July 4, 2014 / 11:56 AM / 5 years ago

France, Germany switch off economies, switch on TVs for crunch tie

PARIS/BERLIN (Reuters) - The euro zone’s two largest economies slipped into low gear on Friday as workers in Germany and France skipped shifts or put up TV screens in the workplace to watch the crunch World Cup quarter-final between their nations.

People watch Germany play against Algeria during their 2014 World Cup round of 16 game, at the Fanmeile public viewing arena in Berlin June 30, 2014. REUTERS/Thomas Peter

Politics also ground slowly to a halt, with the ruling Socialists in France even demanding that the day’s session be curtailed to end at 6:00 p.m. (1600 GMT) - kick-off time - to accommodate senators eager to follow the match live.

“Better that than having the senators watching their tablets during the session or continually sneaking out to watch snippets of the game,” a party spokeswoman said. “It just shows that senators are typical men.”

In Germany, auto giant Volkswagen (VOWG_p.DE) cancelled the late shift for 4,000 workers at its main plant in the northern city of Wolfsburg, and a company spokesman said similar arrangements would be made at other factories.

Drug-maker Bayer came up with another solution aimed at keeping business ticking over during the two hours of the encounter.

“We’re going for flexibility,” a spokesman explained. “So employees can swap their shifts with others less interested in football or - with a manager’s approval - take time off from holiday or working time credits.”

Surprising many, France have advanced to the quarter-final stage of the World Cup to meet their toughest challenge yet in nemesis Germany, which dealt them heart-breaking World Cup semi-final defeats in 1982 and 1986.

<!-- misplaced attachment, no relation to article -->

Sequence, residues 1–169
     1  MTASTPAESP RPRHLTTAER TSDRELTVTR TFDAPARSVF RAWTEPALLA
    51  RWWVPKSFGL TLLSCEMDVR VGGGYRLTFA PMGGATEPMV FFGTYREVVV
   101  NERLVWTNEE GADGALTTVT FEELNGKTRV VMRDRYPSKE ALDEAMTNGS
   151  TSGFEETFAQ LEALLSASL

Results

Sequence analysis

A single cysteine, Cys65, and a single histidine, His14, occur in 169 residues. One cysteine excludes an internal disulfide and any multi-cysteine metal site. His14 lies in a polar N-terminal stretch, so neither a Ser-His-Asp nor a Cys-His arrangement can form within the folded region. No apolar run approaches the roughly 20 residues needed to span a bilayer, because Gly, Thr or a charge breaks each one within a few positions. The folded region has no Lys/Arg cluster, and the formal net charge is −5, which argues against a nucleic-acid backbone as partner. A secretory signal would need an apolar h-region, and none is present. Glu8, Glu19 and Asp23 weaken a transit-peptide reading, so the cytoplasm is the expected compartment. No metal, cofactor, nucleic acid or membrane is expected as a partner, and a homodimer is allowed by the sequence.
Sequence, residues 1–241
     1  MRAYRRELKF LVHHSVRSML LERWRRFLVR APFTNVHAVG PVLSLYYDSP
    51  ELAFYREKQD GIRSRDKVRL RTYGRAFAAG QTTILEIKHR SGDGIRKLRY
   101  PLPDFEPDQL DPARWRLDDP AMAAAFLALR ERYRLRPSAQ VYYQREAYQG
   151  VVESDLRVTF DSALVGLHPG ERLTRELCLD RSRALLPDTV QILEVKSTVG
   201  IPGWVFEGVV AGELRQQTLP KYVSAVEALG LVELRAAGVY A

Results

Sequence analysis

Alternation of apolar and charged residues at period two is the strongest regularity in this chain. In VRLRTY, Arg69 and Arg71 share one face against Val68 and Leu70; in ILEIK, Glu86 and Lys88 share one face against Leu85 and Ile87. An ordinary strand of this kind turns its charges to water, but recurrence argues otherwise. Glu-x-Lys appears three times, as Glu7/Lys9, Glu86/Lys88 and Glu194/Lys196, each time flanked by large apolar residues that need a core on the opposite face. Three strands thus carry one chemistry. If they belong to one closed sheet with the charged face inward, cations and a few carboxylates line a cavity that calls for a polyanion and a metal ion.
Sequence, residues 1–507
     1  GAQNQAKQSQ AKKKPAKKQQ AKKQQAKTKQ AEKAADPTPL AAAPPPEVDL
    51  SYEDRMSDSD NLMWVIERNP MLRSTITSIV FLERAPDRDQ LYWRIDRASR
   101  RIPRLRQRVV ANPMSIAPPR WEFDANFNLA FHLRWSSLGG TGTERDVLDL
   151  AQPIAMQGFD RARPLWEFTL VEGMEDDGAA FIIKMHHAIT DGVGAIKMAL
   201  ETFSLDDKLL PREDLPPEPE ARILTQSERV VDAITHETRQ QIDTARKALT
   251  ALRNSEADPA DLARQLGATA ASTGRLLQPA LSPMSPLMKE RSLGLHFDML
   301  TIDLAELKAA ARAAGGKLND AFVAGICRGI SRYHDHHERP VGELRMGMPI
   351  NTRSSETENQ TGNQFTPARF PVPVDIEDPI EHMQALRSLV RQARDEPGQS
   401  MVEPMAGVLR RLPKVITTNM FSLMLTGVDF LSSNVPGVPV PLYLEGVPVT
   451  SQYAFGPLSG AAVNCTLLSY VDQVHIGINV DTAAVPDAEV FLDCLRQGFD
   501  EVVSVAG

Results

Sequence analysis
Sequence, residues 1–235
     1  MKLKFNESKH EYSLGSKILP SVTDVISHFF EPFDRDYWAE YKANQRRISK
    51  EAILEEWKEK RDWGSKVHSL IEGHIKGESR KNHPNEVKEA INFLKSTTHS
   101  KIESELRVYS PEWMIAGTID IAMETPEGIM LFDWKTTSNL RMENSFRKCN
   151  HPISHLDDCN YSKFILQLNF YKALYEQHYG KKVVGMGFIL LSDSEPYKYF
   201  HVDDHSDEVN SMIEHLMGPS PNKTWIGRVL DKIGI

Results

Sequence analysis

Work comes second to football not only in traditional soccer nations like France and Germany. U.S. head coach Juergen Klinsmann - a former German national - produced a spoof “doctor’s note” for American fans seeking to skip work to watch the U.S.-Germany tie earlier in the tournament. “I understand that this absence may reduce the productivity of your workplace, but I can assure you that it is for an important cause,” wrote Klinsmann.


The impending confrontation has dominated media headlines for days, with diaries in the business and political world carefully recalibrated to allow untroubled viewing.

President Francois Hollande was due to watch the match in his Elysee palace surrounded by a hundred French school-leavers who took German as an option and scored the best exam grades.

In Berlin, Chancellor Angela Merkel would be tuning in and “wants the team to win - no matter how”, a spokesman said.

Fabrice Bregier, chief executive of European aerospace group Airbus, has changed his travel plans for a trip from company headquarters in the southern city of Toulouse to Beijing so that he can watch the game during a brief stop-over in Paris, an official said.

Back in Toulouse, the group’s 2,000-strong German staff contingent where expected to flock to international pubs in the Blagnac suburb where the company is based.

With the usual pre-weekend rush to supermarkets seen thinner than most Friday nights, retail group Carrefour said its giant La Ville du Bois hypermarket south of Paris would have TVs in staff rest areas so they could watch during breaktimes. Cashiers will be wearing the red-white-and-blue facepaint.

Germany accounts for 29 percent of euro zone economic output and France 21 percent - meaning together they account for no less than half of total output in the 18-member zone.

Calculating the impact on the economy of such an event is near impossible: What is lost in production is partially made up for in the bars. Sebastien Fouqueau, manager of the Havana Bar in Paris’s 13th arrondissement, was quoted by Le Parisien daily as saying he expected 500 clients, 10 times more than usual.

Getting into the spirit, investment house Euler Hermes sought to predict the outcome of the match by listing the plus and minus points of the two economies.

Germany scored goals, it concluded, with a faster growth rate, higher employment, lower taxes, better exports and greater use of robotics in industry.

But France pulled level with its higher birth rate, a slower rise in labour costs, a higher proportion of students in further education, lower energy costs and lower poverty rates.

“Despite an economy struggling to recover, France could pull off a surprise with a gradual pick-up in investment,” the Paris-based firm said, forecasting French victory in a penalty shoot-out.

French daily Le Monde, on the other hand, had few doubts about which country had footballing and economic supremacy: A front-page column was entitled: “Germany thrashes France”.

Reporting by staff in Paris, Berlin, Munich, Hamburg, Toulouse; Writing by Mark John; Editing by Hugh Lawson

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